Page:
THE BLOG
04/01/2016 02:47 pm ET Updated Apr 01, 2017

Why Young Adults Don't Know What to Do With Their Lives And What Can Be Done About It?

I believe, that students and young adults don't know what to do with their lives because schools, colleges and universities (with some exceptions) neither encourage them to have this inquiry nor do they provide enough opportunities and/or tools to facilitate it. At the very best they educate young people for an occupation but they do not educate (prepare) them for life. In other words there is a lack of, what I call, a 'life education' in these institutions. The 'life education' I am talking about encourages students to think about what truly matters to them in life, beyond figuring out their occupation/career choices. It prepares them for life where a lack of security and changing circumstances are an actual constant so it teaches them how to navigate, how to adapt and thrive despite of it. It inspires them to look 'within' and help them find their true desires, their passions, their natural skills and talents because this knowledge will serve them as signposts in life and help them determine their life direction. It teaches them about the importance of mindset and attitude while they try to reach their goals and realise their dreams so they do not end up feeling like helpless victims and instead have a real understanding that they are responsible and capable of creating their reality regardless of various obstacles they might encounter along the way. It also invites them to question the current definition of success, question the status quo and any norms and expectations 'imposed' on them by the society, culture and even parents so that they can define success for themselves and make better choices. It teaches them various ways of dealing with stress and anxiety. Finally, it gives them tools that can help them figure out what they ultimately want to do in their lives in general and in the foreseeable future so when they graduate they will have at least some, or ideally a clear sense of direction and purpose. The 'career' advice services (again with some exceptions) with their 'paper and pencils' tests do not provide such guidance, as Sir Ken Robinson rightly points out: "none of them are likely to tell you that you might be good at playing jazz clarinet."

Instead, the current scenario is very different from the one described above. Upon graduation many students experience a sense of relief on the one hand, and a sense of dread on the other. They don't know what they really want to do, they don't know where to start and where to look for help to change that. For some the future feels terrifying. The pressure to adhere to the current definition of success (associated mainly with money, fame and status) feels overwhelming. Soon, they either struggle to find a job they really want so they end up getting jobs they don't enjoy or even hate. Unable to realise their potential, to realise their dreams they feel stuck in the jobs they didn't want in the first place, with a degree that now seems to have been a waste of time and, some of them, with a student debt on the top of it all. These are the future unemployed or the unhappy employees whose lives start at 5 pm on Friday and end at 9 am on Monday. Some turn to drugs and alcohol to numb their feelings of low self - esteem, frustration and fear of the future. Most of them, based on my own research and the literature on the subject, are eager to change their situation but they don't know how; as the saying goes: "they didn't teach this in school". Only it is not just a saying, it is true.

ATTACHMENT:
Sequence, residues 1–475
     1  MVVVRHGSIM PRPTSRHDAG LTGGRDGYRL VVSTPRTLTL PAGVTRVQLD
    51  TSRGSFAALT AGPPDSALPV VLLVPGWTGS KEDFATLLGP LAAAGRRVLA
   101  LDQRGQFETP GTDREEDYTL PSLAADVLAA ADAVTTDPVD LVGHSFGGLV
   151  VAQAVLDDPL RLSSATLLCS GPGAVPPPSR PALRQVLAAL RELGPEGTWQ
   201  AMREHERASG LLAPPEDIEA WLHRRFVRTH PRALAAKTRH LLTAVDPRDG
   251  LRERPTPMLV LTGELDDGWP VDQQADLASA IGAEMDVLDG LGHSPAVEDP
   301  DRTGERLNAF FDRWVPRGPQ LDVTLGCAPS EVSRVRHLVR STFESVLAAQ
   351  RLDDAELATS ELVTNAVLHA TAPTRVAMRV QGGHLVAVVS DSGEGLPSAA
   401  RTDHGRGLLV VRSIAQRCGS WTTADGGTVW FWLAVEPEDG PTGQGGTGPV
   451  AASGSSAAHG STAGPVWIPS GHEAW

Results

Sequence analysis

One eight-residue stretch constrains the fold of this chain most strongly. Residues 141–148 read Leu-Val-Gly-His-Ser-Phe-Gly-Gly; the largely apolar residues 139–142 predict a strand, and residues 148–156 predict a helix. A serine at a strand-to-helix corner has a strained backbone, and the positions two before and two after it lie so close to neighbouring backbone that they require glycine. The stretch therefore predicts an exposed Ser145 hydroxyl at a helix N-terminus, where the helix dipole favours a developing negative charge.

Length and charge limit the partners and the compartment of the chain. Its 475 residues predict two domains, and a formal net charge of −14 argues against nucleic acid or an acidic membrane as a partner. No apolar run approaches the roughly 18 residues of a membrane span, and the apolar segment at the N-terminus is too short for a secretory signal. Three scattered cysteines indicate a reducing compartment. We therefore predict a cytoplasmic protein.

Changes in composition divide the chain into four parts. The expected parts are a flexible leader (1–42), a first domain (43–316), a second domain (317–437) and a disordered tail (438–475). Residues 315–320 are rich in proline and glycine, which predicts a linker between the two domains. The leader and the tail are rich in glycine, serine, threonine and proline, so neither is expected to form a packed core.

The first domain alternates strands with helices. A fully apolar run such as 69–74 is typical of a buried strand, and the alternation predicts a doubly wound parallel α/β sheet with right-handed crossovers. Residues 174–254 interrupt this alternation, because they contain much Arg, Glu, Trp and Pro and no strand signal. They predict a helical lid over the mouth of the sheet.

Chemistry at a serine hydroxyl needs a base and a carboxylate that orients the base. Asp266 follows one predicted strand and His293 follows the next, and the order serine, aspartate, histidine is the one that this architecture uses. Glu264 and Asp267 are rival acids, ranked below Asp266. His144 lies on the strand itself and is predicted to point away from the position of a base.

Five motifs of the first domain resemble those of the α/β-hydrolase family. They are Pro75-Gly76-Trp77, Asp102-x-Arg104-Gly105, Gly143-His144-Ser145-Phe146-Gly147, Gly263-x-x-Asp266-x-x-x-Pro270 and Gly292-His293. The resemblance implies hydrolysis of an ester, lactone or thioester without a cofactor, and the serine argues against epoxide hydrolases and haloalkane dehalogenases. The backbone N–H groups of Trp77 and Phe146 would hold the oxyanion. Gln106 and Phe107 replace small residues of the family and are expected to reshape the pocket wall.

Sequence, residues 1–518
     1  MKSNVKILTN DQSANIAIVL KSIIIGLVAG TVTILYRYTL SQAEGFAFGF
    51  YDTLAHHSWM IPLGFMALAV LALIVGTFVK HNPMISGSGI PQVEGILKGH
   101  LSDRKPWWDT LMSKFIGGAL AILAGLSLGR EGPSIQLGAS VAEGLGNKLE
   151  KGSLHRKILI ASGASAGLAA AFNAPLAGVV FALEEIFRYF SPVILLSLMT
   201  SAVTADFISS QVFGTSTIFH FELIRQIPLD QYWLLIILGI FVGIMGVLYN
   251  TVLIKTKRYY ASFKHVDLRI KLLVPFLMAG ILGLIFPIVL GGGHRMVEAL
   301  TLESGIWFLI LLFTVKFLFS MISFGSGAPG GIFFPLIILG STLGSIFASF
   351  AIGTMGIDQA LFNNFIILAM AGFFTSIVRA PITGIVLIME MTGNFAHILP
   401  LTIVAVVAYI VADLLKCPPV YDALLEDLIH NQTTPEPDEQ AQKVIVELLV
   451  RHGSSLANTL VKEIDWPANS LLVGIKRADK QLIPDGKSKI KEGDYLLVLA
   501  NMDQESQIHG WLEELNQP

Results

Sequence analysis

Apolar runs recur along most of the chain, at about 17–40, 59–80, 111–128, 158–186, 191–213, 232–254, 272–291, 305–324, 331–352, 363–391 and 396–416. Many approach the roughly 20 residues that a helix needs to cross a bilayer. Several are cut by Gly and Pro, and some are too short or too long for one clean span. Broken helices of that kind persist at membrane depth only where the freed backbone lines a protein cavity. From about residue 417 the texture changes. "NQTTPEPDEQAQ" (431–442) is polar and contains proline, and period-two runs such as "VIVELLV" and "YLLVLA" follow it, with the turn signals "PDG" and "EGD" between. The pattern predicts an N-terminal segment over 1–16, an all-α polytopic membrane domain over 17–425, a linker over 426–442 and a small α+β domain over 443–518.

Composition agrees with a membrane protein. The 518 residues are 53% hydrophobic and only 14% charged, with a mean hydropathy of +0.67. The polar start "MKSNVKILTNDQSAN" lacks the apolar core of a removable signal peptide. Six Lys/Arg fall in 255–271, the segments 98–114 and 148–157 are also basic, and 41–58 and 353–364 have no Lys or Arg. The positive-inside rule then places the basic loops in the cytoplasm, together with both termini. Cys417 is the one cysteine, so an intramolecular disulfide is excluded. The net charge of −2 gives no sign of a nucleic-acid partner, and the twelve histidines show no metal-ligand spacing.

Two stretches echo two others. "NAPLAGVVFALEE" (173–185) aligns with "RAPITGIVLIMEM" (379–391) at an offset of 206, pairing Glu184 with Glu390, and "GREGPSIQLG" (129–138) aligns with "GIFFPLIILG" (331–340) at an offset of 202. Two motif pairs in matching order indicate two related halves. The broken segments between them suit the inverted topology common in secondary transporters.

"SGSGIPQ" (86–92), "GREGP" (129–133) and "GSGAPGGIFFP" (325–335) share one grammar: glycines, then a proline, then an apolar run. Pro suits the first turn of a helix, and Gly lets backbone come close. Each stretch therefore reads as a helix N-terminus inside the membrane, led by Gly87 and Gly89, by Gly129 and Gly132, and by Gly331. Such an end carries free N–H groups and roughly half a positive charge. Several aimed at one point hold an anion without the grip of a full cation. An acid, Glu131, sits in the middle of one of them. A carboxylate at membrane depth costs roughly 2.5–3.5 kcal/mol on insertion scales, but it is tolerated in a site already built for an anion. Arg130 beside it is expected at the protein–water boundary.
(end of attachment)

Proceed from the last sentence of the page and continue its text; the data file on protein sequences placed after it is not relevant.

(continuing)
It is a very gloomy picture, I know, but it is real and something must be and can be done about it. This is why it is important to recognise that there are teachers and councillors who do try, to the extent that the system allows, to help students figure out what they want to do in their lives and they should be applauded. There are some colleges and universities whose deans and/or chancellors recognise the need to introduce 'life education' courses and workshops. These are mostly organised on a one of basis with an exception of a few that make them a permanent part of their curricula. These institutions are the pioneers of positive changes in the education systems who understand that the psychological, social, cultural and economic costs are and will be high if the education that prepares students for life and not just an occupation doesn't become a permanent part of schools curricula. I hope that many more will follow because I cannot imagine a better time in a history to make it possible so that young people can have a bright future they want and surely deserve.

Ps. I am extremely passionate about the above subject and I have been researching it for a long time now by using the Internet resources and reading books on the subject. However, now I would like to connect with students (high school, college and university students) to learn directly form them about their most pressing issues and problems. So if you are a student or a graduate and would like to email me to share with me your story (your key struggles, and/or how you overcame them, and what kind of help you could benefit from during your time in education) then please email me at: maggie.gilewicz@gmail.com

Also, I am looking forward to connect with decision makers in colleges/universities in and around London, if this post has triggered your interest, if you would like to talk about this subject further and might want to consider introducing this kind of education in your institutions. If so, please email me at: maggie.gilewicz.com

Thank you!